January 30, 2015
Commissioner Bratton announced this week that he was creating a new Strategic Response Group of 350 officers. Housed in the Counterterrorism Bureau, they would be outfitted with new heavy weapons and trained in special tactics for dealing with terrorism, civil unrest, and protests…yes, protests. This is an example of exactly the kind of false conflation of threats that has led to a massive expansion of militarized policing across the US over the last 30 years.
If any city has a legitimate claim to needing specially armed and trained police to deal with terrorism it is New York. Critics of militarized policing have largely given the NYPD a pass on the creation of such units because they have been limited in both size and mission. The current Counterterrorism Task Force has dozens of officers outfitted with machine guns and other combat grade equipment including armored jeeps, but their mission has been largely limited to protecting high profile targets such as the UN and foreign embassies.
The commissioner’s proposal raises many troubling issues. Criminal Justice Professor Peter Kraska has painstakingly documented the explosive and alarming increase in police paramilitary units across the US. These SWAT type units were created initially as a response to extremely rare armed confrontations with police in the 1970’s. Very quickly, however, these units found that they had almost no such incidents to respond to and instead were put to use on the front lines of the War on Drugs—driven by a massive infusion of Federal funds for that purpose. Thousands of these units, in cities large and small, spend the vast amount of their time serving search warrants—mostly for low level drug dealers. Washington Post columnist Radley Balko has documented in excruciating detail the ways in which these practices have eroded civil liberties and produced massive collateral damage against totally innocent people whose homes have been violated, pets shot, and themselves killed in a never ending litany of mistaken raids.
During the Occupy movement we witnessed another misuse of these teams. Time and again non-violent demonstrators were confronted by heavily armed and armored “robo-cops,” who often deployed high levels of force including tear gas, and other “less lethal” weaponry. Last year the images of militarized units, paid for largely out of anti-terror funds provided by the Department of Homeland Security, confronting street demonstrators in Ferguson, shocked the national conscience and undoubtedly contributed to the violence and disorder on the streets there.
Up until now, however, New York has largely avoided these problems. Both during Occupy and more recent protests against climate change and police misconduct, the NYPD has avoided a militarized response. While there have been many criticism of their handling of Occupy, and litigation continues, we did not see heavily armed NYPD SWAT or Counterterror teams policing the demonstrations, and no use of high tech “less lethal” weaponry. The NYPD already has special Task Force teams in each patrol bureau with extensive training in protest policing, but these teams don’t utilize the kind of heavy weapons and armor being proposed for the new teams.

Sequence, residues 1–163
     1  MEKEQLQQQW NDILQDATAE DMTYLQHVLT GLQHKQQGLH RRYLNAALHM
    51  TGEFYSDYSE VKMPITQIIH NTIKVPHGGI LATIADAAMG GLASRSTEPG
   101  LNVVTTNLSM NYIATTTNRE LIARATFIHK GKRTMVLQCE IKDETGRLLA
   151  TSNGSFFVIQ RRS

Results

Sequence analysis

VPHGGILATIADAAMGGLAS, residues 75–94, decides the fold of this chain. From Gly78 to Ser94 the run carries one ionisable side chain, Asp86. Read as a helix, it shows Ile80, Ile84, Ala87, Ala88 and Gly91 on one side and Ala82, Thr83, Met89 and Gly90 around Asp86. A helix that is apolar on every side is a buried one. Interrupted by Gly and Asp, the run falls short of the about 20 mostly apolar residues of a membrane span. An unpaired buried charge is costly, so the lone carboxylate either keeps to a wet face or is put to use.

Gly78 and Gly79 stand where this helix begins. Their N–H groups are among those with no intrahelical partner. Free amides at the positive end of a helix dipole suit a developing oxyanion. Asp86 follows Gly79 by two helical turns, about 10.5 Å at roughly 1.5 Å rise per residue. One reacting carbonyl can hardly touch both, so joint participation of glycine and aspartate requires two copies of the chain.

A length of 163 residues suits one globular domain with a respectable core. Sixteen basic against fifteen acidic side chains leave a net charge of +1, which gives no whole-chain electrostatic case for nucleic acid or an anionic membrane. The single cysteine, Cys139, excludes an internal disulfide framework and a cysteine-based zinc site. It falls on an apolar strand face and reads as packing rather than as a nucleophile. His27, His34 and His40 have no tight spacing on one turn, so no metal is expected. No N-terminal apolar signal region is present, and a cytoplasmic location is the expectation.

In fact, in the last year we’ve actually seen a dialing back of aggressive and restrictive protest policing tactics that had been common. The NYPD showed remarkable restraint and flexibility in handling the massive climate march in September and a mass sit-in on Lower Broadway the next day. Similarly, they showed great wisdom in taking a soft approach to the police accountability and racial justice protests in recent months.
Ironically, the low point of the policing of those demonstrations was when the existing Disorder Control Unit utilized a Long Range Acoustic Device (LRAD) on a small group marching in the street after a minor scuffle. These devices are capable of causing short and long term health problems and should be used only as a last resort to avoid baton charges or higher levels of force, none of which were warranted in this case. The decision to use it seemed driven by the availability of a new toy much more than any practical law enforcement purpose, and signals exactly the problem of “mission creep” that the possession of this hardware poses.
Protests are not acts of terror, even when they are disorderly and disruptive. There is no legitimate basis for lumping them into the same category as terrorism. To do so is to fundamentally abridge their legitimacy, which flies in the face of the Frist Amendment. The NYPD has shown itself perfectly capable of managing a wide range of protest activity without relying on heavily armed police. The militarization of protest policing would be a dramatic step backwards for the NYPD and would serve to undermine their credibility and legitimacy.